Jan 03, 2010

90 comments

Suppose I have a deck of four cards: The ace of spades, the ace of hearts, and two others (say, 2C and 2D).

You draw two cards at random.

*Scenario 1:* I ask you "Do you have the ace of spades?" You say "Yes." Then the probability that you are holding both aces is 1/3: There are three equiprobable arrangements of cards you could be holding that contain AS, and one of these is AS+AH.

*Scenario 2:* I ask you "Do you have an ace?" You respond "Yes." The probability you hold both aces is 1/5: There are five arrangements of cards you could be holding (all except 2C+2D) and only one of those arrangements is AS+AH.

Now suppose I ask you "Do you have an ace?"

You say "Yes."

I then say to you: "Choose one of the aces you're holding at random (so if you have only one, pick that one). Is it the ace of spades?"

You reply "Yes."

What is the probability that you hold two aces?

*Argument 1:* I now know that you are holding at least one ace and that one of the aces you hold is the ace of spades, which is just the same state of knowledge that I obtained in Scenario 1. Therefore the answer must be 1/3.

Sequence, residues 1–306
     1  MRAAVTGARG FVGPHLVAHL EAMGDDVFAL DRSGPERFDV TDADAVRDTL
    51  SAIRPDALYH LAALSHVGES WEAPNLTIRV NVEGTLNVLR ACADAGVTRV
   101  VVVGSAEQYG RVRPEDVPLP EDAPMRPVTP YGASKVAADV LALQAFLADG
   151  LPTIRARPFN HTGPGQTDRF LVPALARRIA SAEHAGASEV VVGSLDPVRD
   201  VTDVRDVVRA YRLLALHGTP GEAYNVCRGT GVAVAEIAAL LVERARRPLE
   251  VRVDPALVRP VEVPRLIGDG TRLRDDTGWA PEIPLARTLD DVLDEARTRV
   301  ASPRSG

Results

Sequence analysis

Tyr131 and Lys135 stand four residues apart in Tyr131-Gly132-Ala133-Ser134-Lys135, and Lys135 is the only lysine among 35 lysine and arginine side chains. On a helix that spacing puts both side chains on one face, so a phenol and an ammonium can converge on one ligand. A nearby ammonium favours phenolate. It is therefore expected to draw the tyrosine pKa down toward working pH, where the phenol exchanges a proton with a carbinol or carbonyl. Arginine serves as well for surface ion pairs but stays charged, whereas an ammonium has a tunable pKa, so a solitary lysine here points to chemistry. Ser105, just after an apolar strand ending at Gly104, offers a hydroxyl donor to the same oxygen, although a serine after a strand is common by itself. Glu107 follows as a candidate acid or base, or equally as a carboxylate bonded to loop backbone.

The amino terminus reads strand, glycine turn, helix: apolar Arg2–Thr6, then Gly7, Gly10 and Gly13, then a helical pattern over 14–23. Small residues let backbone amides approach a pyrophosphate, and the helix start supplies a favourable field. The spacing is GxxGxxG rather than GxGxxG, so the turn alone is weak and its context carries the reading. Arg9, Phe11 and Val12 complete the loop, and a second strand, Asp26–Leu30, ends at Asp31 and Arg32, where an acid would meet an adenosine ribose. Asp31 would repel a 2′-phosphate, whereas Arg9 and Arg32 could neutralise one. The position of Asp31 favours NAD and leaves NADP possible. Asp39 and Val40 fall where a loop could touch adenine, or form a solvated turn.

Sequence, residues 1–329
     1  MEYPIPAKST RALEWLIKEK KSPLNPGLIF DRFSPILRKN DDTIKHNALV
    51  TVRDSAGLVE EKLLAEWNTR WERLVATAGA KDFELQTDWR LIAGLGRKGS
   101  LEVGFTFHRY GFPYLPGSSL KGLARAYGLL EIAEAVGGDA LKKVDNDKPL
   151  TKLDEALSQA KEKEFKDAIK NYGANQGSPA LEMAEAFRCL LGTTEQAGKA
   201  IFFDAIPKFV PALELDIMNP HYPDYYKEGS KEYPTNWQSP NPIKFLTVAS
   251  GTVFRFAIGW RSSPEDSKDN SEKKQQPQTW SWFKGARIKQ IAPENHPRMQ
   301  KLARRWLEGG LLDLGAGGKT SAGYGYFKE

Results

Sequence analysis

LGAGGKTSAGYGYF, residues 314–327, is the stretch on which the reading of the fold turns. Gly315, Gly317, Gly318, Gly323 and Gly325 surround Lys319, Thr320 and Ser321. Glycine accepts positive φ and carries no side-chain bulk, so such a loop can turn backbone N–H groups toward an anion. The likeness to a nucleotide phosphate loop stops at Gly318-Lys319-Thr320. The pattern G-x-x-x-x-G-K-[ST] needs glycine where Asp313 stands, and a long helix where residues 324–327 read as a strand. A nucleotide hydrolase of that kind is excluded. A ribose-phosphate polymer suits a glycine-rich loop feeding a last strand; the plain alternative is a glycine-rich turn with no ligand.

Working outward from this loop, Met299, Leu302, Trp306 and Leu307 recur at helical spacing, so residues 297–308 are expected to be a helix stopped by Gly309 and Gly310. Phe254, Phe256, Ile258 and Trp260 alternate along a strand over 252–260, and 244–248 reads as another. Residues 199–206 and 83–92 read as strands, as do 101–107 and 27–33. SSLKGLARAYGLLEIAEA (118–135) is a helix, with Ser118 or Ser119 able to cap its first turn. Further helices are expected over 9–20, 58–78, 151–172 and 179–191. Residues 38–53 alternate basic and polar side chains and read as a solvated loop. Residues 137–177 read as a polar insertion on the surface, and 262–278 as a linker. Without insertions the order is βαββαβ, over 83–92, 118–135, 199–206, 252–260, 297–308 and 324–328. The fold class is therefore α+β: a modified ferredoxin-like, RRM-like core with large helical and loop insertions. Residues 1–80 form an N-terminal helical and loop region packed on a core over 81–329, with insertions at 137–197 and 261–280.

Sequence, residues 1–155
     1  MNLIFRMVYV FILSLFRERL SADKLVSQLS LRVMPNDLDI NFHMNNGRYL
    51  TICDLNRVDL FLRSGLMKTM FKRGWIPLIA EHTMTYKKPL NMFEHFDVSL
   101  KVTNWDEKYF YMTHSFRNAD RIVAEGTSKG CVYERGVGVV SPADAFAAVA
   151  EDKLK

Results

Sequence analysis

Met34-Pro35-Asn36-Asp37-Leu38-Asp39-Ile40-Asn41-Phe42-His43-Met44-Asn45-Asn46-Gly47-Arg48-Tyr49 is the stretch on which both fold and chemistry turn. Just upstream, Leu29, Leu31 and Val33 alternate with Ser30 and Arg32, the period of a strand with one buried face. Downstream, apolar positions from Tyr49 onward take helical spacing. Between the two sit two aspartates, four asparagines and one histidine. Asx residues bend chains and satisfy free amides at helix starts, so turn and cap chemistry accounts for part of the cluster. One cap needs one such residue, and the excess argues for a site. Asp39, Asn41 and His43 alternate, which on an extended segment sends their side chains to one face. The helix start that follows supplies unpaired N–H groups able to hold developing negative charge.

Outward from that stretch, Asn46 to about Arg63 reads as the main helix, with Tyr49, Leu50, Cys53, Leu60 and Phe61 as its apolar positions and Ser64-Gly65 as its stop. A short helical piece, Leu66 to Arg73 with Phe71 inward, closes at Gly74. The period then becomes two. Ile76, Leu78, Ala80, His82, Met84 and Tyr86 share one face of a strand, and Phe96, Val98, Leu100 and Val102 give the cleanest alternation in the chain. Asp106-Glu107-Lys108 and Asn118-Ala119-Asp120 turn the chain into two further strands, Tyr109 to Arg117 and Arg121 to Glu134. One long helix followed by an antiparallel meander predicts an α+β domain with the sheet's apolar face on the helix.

*Argument 2:* In Scenario 2, I know that I can *hypothetically* ask you to choose an ace you hold, and you must *hypothetically *answer that you chose either the ace of spades or the ace of hearts. My posterior probability that you hold two aces should be the same either way. The expectation of my future probability must equal my current probability: If I expect to change my mind later, I should just give in and change my mind now. Therefore the answer must be 1/5.

Naturally I know which argument is correct. Do you?